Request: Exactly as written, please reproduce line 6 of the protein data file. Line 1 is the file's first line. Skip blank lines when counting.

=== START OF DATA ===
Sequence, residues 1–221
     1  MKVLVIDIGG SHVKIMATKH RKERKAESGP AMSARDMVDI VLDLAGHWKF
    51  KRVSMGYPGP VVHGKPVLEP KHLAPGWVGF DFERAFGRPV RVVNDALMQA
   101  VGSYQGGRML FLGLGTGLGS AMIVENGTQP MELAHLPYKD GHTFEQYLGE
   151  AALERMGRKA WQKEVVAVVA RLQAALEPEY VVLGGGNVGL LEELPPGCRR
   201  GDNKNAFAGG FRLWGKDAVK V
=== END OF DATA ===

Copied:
   201  GDNKNAFAGG FRLWGKDAVK V